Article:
I came across this really grasping article on TES today. It’s called: ‘Give us some coffee-shop technology’ by Julie Belgutay. (Link below.) It’s really interesting! Overall, a great read and quite thought provoking (as you can probably tell from my response)!
I think it highlights a current aspect within education that does in fact need to be addressed.
The reality is that technology is having a strong and very beneficial influence on education. Yet, it’s full potential has not yet been achieved and I find this somewhat concerning as technology is constantly developing. I accept that there are financial limits on making technology available in schools – especially under the current economic climate. However, the technology that we have in schools does not reflect what technology is actually used for in society.
Though there is speculation that teachers will one day be replaced by technology, the reality is that it would never happen – in my view. Teachers provide for much more than educating children. There is an emotional and social aspect that teachers provide – which children need to have in order to develop. This support cannot be given by technology, thereby ruling out that technology will one day be teaching the class. So – technology wont be standing up there in front of a class teaching,but who is to say that, one day, it can’t play an influence in leading the class and education as a whole.
Many children now have access to the Internet at home and in other public places such as libraries, coffee shops and lets not forget schools. Despite this major influence that technology, and in particular the Internet, plays in children’s’ life’s, what are we teachers doing to accommodate it?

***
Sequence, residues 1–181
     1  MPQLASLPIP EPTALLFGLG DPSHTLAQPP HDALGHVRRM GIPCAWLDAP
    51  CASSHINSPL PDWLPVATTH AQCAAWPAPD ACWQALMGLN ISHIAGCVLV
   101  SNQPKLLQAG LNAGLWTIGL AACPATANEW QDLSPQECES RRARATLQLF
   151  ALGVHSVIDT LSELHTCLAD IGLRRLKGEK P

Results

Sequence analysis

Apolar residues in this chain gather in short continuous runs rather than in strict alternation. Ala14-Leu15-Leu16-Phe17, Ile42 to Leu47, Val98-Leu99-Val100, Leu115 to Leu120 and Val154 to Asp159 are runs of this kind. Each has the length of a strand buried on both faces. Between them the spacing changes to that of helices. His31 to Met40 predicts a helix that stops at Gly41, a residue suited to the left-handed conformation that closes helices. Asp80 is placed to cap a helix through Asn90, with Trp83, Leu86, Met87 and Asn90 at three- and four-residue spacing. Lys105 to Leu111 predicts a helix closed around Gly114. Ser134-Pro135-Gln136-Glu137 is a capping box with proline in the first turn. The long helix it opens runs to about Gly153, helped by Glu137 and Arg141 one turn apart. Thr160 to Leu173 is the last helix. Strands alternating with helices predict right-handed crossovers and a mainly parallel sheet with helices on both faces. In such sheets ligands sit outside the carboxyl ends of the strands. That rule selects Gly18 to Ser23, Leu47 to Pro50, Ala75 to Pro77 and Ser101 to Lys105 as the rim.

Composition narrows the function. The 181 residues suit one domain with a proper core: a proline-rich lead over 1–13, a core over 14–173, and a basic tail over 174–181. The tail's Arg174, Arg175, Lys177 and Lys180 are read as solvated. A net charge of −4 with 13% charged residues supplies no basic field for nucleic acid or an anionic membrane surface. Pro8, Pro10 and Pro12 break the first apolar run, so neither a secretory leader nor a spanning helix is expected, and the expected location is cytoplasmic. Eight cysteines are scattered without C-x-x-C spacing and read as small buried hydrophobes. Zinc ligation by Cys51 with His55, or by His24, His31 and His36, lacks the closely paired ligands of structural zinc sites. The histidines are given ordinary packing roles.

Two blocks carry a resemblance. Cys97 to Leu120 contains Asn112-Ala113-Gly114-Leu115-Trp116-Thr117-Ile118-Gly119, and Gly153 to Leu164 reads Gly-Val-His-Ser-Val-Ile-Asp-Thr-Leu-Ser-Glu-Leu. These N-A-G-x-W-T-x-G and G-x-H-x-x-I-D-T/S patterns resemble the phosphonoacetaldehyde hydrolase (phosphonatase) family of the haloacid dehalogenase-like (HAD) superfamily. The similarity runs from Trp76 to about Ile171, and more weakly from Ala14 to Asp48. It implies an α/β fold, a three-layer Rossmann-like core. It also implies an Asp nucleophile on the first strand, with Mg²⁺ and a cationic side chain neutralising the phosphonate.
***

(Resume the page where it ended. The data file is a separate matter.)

Curriculum for Excellence aims for pupils to acquire and develop the knowledge, skills and attributes to help them in society and prepare them to be successful and contributing adults. With so many restrictions on the Internet in schools (which do not exist in libraries and coffee shops) what are we doing for our children?
The argument of ‘keeping children safe’ does carry some weight, but in what context? If we prevent our children from using social networking sites in schools and other ‘restricted’ sites, such as YouTube, are we ‘protecting’ them or are we in fact hindering them and preventing the inevitable? I personally believe the latter. I am by no means saying that children should be able to access explicit or inappropriate information online. Internet safety should still be taught, developed and promoted. I simply argue, are we ‘teaching’ pupils how to be safe when being online, by blocking ‘Facebook’, when the children will go home after school and log on to their own social networking sites. Social networking sites and others such as YouTube could be employed in the classroom and used to benefit the learning experience as a whole. It would provide pupils with the skills and knowledge on how to use such sites and in turn how to be safe. Plus, it is a free and available resource – and accessible with the technology that is already in schools.
In an ideal economic climate, would schools still have those bulky Windows computers? I doubt it. I imagine schools would be equipped with iPads and other new and up to date, modern technologies. Though this is the case in some schools, few have the privilege or money to access such resources.
Personally, I think the technology available by Apple is thought provoking, stimulating, and is the future of education.
We could tackle so many things in education with technology. We could intrinsically motivate boys to be interested in literature and language. We could break the barriers to education and have knowledge at the fingertips of every child. Technology could, one day, define education and in itself be a revolution. I accept this is speculation, BUT I will use one of Constantin Stanislavski’s notions: the magic ‘if’, (Which he used in the context of theatre to stimulate the imagination.) as the concept of imagination is the same. What If modern technology was available to the average classroom? What if we could enhance the learning experience and prepare children for their futures? What if everything I have just said were in fact a reality, and not mere speculation?
It is something to think about!
I realise I have ranted here and could continue to do so! Have a read. Feel free to let me know what you think!